• Remind the children how special they are by asking them all to write one kind thing about each of their classmates. You could write a child’s name at the top of a piece of paper or index card and then pass them round until everyone has written something positive about every member of the class. Then return the paper to the person whose name is at the top so they can read what everyone else has said about them.
  • Ask the children to write down all the things they are good at, all the things they are grateful for or what makes them special.
  • Ask the children to fill a heart shaped piece of paper with words which make them loveable.
  • Have a talent show where the children can show their class mates the amazing things they can do.
  • Ask the children to write “I am…” at the top of a piece of paper and then write all the words which describe them all over the paper. They can be physical descriptions, talents, personality traits, positive and negative.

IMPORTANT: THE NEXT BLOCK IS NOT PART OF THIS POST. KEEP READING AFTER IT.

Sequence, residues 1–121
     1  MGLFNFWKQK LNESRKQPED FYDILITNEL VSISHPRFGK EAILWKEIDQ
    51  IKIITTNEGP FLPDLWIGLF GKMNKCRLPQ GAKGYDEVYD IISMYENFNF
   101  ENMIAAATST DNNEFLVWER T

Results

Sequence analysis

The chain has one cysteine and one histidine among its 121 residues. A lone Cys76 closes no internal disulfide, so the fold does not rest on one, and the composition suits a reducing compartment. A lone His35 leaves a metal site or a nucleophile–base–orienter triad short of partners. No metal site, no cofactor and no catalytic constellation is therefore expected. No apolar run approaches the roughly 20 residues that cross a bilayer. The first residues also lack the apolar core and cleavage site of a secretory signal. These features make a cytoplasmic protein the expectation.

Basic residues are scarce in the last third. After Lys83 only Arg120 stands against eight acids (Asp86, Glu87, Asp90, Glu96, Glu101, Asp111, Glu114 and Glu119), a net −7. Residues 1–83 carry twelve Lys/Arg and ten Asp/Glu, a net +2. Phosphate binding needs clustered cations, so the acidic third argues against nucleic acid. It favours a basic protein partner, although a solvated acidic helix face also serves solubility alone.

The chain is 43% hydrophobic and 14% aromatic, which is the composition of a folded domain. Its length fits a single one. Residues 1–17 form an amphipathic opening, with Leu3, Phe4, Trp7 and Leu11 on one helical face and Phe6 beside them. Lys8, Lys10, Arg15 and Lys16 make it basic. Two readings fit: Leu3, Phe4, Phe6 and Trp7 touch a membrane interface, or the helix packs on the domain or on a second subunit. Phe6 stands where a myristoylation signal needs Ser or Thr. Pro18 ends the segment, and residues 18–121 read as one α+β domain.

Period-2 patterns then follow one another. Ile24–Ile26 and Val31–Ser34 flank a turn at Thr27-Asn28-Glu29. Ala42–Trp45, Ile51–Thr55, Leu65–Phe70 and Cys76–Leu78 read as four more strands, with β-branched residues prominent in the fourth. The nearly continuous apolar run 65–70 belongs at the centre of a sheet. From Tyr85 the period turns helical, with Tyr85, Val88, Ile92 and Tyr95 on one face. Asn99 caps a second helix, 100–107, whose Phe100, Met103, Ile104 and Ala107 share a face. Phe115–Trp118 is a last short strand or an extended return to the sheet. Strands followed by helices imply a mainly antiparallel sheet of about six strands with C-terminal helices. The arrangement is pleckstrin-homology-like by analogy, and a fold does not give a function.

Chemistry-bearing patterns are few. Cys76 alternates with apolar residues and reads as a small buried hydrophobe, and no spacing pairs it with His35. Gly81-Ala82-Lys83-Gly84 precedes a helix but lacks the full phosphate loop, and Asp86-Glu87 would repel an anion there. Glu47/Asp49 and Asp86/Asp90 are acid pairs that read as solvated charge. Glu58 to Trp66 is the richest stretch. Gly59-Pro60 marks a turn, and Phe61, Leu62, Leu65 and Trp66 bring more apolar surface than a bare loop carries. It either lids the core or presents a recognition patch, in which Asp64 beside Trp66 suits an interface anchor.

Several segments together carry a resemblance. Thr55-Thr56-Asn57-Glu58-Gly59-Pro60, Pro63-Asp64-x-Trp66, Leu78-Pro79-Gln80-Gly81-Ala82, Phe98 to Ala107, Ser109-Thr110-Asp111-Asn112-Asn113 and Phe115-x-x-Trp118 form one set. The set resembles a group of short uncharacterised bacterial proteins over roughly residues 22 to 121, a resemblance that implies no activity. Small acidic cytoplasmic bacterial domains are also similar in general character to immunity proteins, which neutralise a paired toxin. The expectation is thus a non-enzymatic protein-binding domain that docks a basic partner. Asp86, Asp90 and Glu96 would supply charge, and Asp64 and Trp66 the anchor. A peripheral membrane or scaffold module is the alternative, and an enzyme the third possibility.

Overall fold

• Why not read stories which teach about the importance of being your own special self (I have included a selection of my favourites below).

    I also have a collection of worksheets which creates a lovely booklet called “Sparkly Me” which is very reasonably priced at just £4.50. It explores all aspects of self confidence, body confidence , self esteem and many more aspects of self love. Why not take a look and use that as a focus this Valentines Day?

    Buy Now